On a Mac with Apple silicon: Press and hold the power button until you see “Loading startup options.”
If you’re using a Mac Mini, wait for the system indicator light to turn amber.
When you see the available startup disks, select one, then click the Up arrow (on Mac) or Continue button (on Mac with Apple silicon.)
The next time you restart your computer, it starts up from the disk selected as your startup disk in System Preferences.
Change your startup disk for every startup
On your Mac, choose Apple menu > System Preferences, then click Startup Disk.
Open Startup Disk preferences for me
If the lock at the bottom left is locked , click it to unlock the preference pane.
Click the icon of the disk you want to use, then click Restart.
WARNING: When selecting a network startup volume, make sure you select a network startup volume and not a network install image. Choosing a network install image reinstalls your system software and may erase the contents of your disk. A standard network volume icon appears as a globe with a folder. A network install icon appears as a globe with a downward-pointing green arrow.
See alsoDetermine which disk started up your Mac
This project has been abandoned.
Boot Manager – Boot Manager is a handy utility to make it easier to reboot into your Boot Camp windows drive, or even another macOS install. It will also not permanently change your startup disk so once you reboot again, it’ll boot back to your standard OS. Choose to boot windows or another OS, no more waiting around holding the option key. Great for bluetooth keyboard users where option key might not always work.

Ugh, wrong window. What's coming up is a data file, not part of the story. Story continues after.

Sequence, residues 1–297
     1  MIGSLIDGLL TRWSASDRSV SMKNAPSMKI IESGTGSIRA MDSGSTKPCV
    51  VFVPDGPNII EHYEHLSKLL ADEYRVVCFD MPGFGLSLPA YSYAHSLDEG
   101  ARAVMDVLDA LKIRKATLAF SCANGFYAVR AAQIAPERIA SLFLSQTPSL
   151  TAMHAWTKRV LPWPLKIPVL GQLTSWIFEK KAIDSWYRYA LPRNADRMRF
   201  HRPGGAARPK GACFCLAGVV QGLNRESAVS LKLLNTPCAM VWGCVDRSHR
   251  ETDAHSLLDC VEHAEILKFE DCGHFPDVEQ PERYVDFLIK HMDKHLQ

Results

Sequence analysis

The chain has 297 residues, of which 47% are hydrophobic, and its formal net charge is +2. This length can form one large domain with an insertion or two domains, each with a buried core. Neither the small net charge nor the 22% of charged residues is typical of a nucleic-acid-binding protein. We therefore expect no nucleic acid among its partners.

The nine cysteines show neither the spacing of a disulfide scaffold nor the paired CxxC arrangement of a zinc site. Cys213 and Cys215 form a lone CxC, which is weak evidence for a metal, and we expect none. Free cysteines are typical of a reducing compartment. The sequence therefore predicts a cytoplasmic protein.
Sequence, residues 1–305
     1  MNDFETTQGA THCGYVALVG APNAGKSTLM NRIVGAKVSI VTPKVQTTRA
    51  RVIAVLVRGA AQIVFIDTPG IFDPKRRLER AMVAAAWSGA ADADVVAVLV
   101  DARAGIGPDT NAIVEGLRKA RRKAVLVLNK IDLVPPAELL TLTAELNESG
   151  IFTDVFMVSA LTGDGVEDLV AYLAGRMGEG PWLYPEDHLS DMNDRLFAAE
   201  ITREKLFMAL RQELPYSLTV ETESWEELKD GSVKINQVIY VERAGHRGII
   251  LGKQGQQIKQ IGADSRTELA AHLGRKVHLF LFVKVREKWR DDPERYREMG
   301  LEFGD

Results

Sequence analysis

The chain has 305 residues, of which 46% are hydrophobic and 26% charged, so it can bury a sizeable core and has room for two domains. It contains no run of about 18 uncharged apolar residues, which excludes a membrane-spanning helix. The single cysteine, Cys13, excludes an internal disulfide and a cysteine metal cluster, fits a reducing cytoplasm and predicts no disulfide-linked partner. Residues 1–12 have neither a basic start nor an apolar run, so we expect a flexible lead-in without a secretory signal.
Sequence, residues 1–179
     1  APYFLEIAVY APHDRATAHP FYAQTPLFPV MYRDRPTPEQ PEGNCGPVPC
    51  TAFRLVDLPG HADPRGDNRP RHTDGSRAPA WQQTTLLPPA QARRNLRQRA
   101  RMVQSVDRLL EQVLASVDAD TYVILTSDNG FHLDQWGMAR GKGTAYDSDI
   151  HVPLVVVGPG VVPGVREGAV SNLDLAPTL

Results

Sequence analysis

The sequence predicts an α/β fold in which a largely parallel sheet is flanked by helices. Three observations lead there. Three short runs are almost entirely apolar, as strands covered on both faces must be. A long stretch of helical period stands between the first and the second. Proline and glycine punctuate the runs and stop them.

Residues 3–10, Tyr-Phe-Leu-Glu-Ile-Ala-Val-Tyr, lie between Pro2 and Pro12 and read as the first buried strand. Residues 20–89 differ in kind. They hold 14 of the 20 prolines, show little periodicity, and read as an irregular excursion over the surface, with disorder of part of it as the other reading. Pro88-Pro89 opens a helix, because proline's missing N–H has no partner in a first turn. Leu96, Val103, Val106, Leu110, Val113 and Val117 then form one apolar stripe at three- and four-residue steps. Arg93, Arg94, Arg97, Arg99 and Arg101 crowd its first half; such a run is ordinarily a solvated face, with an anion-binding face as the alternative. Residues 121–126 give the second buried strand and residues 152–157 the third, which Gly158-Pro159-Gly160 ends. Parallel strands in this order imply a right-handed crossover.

Boot Manager is especially useful for people who use non-EFI graphics cards and therefore have lost access to the startup manager when starting up their Mac.
Quickly reboot into Windows or alternate macOS drives, no holding of option key or startup disk changing.
Enable menu bar only and have quick access to rebooting to your other operating systems, like Windows.
Boot Camp on PCI-e SSD and SATA Controllers
Support for Boot Camp in EFI mode on PCI-e SSDs and SATA PCI-e controllers.
- Before installing you must disable the System Integrity Protection (a.k.a. SIP).
To disable the System Integrity Protection, you must restart on the recovery partition (Recovery HD) and access the terminal in the Utilities menu and then execute the following command:
- Then go to the Releases section of the Boot Manager repository and download the latest installation package, and install it normally by double-clicking on it.
Boot Manager supports the following operating systems in the following modes, Some of the operating systems requires additional software.